HPNA Champion Award

The Hospice and Palliative Nurses Association Champion Award, formerly known as the Presidential Citation Award, is awarded to an individual who has made a significant impact on hospice and palliative care through advocacy, community involvement, or practice. Nominees can come from a field of practice other than nursing.

Recipients will receive:

  • Award with engraving 
  • Travel to an HPNA Annual event (if applicable)
  • One night hotel stay (if applicable)

The recipient will exhibit:

  • A significant impact on hospice and palliative care through advocacy, community involvement, or practice.
  • Letter of recommendation from an HPNA leader within the membership. HPNA leaders include: current or previous board members, HPNA Fellows, previous award winners, past or current committee or task force chairs.
  • HPNA membership is not required. 
  • Current HPNA, HPCC, HPNF Board members are not eligible. 

HPNA Champion Award Recipients
2024 – Mary Lynn McPherson, Pharm.D., PhD, BCPS 

Dr. McPherson is a professor and executive director of Advanced Post-Graduate Education in Palliative Care in the Department of Pharmacy Practice, Sciences, and Health Outcomes at the University of Maryland School of Pharmacy in Baltimore. She is the executive program director of Graduate Studies in Palliative Care at the University of Maryland Baltimore, including the Doctor of Philosophy, Master of Science, and Graduate Certificate. She is particularly interested in the safe and effective use of medications in patients with life-limiting illness, ranging from drug selection, deprescribing, and risk mitigation.

2023 – Amy Berman, RN, LHD(hon), FAAN

Amy is the senior program officer for The John A. Hartford Foundation and spearheads initiatives focused on serious illness and end-of-life care, including efforts to support palliative care. In her role, she leads the Foundation’s grants supporting key leading organizations in the palliative care and hospice field to improve their public messaging for palliative care, hospice, and advance care planning, known as MessageLab.  Amy leads the National Academy of State Health Policy effort to help state governments promote access to palliative care.   Amy also launched a Serious Illness and End-of-Life Funders Collaborative to engage a new generation of funders in this work.  For more than a decade, she has led her Foundation’s grants supporting the Center to Advance Palliative Care, overseeing an investment of more than $6 million.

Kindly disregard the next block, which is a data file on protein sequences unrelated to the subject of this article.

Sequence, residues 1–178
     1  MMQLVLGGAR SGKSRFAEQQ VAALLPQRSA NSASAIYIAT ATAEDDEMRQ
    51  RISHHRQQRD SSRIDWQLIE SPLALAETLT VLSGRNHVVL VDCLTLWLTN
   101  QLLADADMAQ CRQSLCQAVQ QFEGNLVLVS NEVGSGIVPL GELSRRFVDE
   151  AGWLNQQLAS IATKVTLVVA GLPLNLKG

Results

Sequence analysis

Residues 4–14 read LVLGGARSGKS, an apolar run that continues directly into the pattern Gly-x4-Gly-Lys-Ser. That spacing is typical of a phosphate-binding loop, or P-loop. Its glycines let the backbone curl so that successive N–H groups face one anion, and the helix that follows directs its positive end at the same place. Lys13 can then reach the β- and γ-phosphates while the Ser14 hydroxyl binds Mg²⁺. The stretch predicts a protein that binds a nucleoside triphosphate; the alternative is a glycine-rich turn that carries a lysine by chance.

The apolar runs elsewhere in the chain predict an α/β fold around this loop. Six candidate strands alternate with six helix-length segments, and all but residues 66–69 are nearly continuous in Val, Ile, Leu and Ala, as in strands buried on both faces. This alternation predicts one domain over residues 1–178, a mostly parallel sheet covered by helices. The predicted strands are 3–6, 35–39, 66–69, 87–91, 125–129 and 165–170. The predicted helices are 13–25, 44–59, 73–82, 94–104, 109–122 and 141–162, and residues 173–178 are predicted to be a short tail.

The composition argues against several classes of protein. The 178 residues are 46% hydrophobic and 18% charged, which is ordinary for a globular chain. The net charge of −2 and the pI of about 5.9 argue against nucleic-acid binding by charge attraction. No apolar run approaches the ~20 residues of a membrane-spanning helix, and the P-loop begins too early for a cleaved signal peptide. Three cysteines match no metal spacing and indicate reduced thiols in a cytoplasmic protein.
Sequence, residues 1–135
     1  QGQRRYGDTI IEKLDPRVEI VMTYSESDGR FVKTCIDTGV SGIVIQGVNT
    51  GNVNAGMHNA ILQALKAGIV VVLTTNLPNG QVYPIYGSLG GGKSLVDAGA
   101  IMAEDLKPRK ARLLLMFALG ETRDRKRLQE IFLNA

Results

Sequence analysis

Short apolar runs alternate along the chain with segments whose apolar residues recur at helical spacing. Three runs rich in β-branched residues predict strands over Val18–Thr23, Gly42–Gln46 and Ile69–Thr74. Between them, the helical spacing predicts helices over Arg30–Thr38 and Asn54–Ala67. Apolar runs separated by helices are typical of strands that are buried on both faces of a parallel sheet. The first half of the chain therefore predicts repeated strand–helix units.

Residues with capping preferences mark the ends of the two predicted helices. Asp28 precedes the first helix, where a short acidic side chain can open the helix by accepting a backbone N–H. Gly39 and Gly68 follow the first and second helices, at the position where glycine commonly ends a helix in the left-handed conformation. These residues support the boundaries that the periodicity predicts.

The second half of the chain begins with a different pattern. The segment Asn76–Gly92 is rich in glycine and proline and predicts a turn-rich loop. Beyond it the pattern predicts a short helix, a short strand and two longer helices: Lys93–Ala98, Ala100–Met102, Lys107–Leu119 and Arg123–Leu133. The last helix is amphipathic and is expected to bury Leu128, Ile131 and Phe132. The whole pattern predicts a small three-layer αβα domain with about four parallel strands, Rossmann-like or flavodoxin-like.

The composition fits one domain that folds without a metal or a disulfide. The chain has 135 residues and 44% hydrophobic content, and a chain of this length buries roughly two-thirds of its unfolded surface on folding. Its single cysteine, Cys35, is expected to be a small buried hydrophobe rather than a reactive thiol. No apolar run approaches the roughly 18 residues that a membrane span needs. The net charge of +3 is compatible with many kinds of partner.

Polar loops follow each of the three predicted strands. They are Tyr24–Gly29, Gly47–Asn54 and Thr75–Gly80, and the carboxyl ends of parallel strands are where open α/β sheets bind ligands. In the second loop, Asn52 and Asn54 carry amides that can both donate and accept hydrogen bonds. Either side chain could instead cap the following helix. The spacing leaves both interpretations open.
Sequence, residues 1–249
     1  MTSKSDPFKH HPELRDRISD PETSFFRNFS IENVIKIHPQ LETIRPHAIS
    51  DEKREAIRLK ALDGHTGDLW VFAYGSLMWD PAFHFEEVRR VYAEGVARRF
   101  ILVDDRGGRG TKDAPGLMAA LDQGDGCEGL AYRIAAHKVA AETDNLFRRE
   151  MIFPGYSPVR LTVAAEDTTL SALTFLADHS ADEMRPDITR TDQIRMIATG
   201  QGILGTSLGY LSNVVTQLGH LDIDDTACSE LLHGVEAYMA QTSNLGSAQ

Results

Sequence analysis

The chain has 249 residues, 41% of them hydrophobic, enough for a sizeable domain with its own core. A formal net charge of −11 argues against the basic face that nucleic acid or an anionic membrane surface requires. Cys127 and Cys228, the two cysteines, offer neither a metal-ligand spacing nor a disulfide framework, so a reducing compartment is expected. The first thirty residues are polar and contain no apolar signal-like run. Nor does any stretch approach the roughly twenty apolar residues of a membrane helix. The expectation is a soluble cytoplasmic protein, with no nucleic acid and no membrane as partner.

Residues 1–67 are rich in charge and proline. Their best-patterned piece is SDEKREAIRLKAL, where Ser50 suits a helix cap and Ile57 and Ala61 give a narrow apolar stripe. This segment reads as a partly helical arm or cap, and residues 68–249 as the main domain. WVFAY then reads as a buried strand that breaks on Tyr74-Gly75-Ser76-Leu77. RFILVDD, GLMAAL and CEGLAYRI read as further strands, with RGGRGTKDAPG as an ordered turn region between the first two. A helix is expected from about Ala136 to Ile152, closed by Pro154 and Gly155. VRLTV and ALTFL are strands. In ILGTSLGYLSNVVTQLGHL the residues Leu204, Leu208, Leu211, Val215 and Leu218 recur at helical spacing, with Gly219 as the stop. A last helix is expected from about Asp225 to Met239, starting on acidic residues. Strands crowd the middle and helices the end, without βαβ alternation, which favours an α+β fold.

Amy has lived with stage IV cancer for more than 12 years and personally experiences the benefits of palliative – but it is important to note that she was a strong advocate for palliative care before her illness.   

Amy testified before the United States Senate Special Committee on Aging and has authored numerous pieces about her healthcare choices, palliative care, and implications for patients, practice, and policy. Her piece in Health Affairs, “Living Life in My Own Way—And Dying That Way as Well,” was among the journal’s most read. 

Amy received the President’s Award from the American Academy of Hospice and Palliative Medicine, the CAPC Innovation Award from the Center to Advance Palliative Care, the Presidential Award from the National Coalition for Cancer Survivorship, the President’s Award from the National League for Nursing for reshaping nursing education and the Civitas Award from the American Academy of Nursing for her policy and advocacy efforts.